From: Alice Elizabeth Taylor
Government Ignores International Advice on ‘Chilling’ Anti-Defamation Law

Ignoring the criticisms and requests of the OSCE, EU, Council of Europe, the Albanian Media Council, NGOs, academics, journalists, and members of civil society, the Albanian government resubmitted an almost identical version of the prior draft law to Parliament.

The new draft still gives power to the Audiovisual Media Authority, which retains the right to act as a quasi-court and make legal decisions over alleged violations committed by online media. They also continue to have the power to suspend the activities of the portal, impose large fines on them, or even shut them down completely. 

According to art.132/5 of the draft-law,

[T]he AMA, after hearing the provider of the electronic publications service and, if possible, the author of the published content, assesses the infringement committed in relation to the infringement of freedom of expression in accordance with the principle of proportionality. AMA, in cooperation with AKEP, decides to block access to the Internet in cases where electronic media services are suspected of inciting one of the following offences: child pornography; encouraging terrorist acts; violations of national security.

Many who oppose the bill have voiced concern that the scope of the bill may be misused to silence portals and journalists that are critical of the government. For example, the wording that states “are suspected of inciting” and the definitions of the offences “encouraging terrorist acts” and “violations of national security” are and could be interpreted in ways that could silence anyone opposing the government.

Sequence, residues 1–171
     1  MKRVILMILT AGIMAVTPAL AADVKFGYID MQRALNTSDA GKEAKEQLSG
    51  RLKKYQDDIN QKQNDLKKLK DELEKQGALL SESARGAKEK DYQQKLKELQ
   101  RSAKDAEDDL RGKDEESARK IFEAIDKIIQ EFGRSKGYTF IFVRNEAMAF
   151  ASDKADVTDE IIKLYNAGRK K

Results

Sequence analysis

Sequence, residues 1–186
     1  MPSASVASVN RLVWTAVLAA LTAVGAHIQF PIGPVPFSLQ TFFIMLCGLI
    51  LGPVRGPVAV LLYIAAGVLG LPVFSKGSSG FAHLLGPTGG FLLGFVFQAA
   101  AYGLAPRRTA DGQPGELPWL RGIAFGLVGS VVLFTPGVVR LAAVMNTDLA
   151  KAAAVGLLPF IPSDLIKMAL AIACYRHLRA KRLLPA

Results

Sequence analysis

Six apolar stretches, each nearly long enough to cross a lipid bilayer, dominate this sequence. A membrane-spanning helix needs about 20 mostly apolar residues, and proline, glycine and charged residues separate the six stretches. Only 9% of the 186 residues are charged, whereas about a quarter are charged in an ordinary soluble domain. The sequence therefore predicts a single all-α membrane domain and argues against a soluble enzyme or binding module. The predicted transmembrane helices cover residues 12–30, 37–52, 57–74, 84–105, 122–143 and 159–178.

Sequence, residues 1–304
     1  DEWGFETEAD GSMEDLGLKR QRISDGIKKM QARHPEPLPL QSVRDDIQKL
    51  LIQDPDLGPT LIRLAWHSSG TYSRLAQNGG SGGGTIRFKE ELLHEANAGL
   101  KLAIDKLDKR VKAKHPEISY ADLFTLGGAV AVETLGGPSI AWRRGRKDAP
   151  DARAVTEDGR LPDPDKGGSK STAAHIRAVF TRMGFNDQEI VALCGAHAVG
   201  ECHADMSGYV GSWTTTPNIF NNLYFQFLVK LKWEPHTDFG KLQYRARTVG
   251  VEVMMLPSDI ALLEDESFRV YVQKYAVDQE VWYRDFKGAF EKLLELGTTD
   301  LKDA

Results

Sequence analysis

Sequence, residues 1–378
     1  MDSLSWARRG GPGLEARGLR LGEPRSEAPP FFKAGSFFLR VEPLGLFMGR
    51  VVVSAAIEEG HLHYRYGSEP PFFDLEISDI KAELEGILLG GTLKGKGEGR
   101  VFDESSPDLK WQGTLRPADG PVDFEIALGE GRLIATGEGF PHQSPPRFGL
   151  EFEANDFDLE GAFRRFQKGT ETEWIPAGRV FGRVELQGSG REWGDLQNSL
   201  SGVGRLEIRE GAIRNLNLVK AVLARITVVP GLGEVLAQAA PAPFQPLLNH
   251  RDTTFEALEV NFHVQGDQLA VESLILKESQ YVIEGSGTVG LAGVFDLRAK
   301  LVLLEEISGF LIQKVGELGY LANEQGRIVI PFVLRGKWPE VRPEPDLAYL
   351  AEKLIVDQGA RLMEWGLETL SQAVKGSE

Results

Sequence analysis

In addition to this, the AMA will be responsible for assessing the violations that are allegedly committed by the media as criminal offences. Fines also remain at around the same figure as in the previous draft, posing as a threat of financial ruin to many small independent media.

The majority of the AMA body is appointed by the majority, and it is therefore under government influence, the head of which, Prime Minister Edi Rama, has a record of calling media “trashcans” and “enemies.”

More recently, two critical journalists lost their jobs and had their shows cancelled this summer after Rama objected to the content of their productions.

While registration with the government is not mandatory at present, media will be given the right to appeal the AMA decision in court, though this does not suspend the decision.

As well as risking having their site blocked in Albania, media platforms could be forced to publish a correction in the form of a ‘pop up’ to their website, could be made to pay a large fine totalling as much as €830,000, losing their license to operate, or having their license suspended. 

Just last week, the EU Ambassador Luigi Soreca, and the Ambassador of the OSCE to Albania Bernd Borchardt called on the government to take on board the suggestions of the organisations as well as to engage with journalists, NGOs and “all interested parties.”

Instead, the government has proceeded with a draft that is expected to have a “chilling effect on media freedom,” providing evidence of further backsliding in the field of human rights.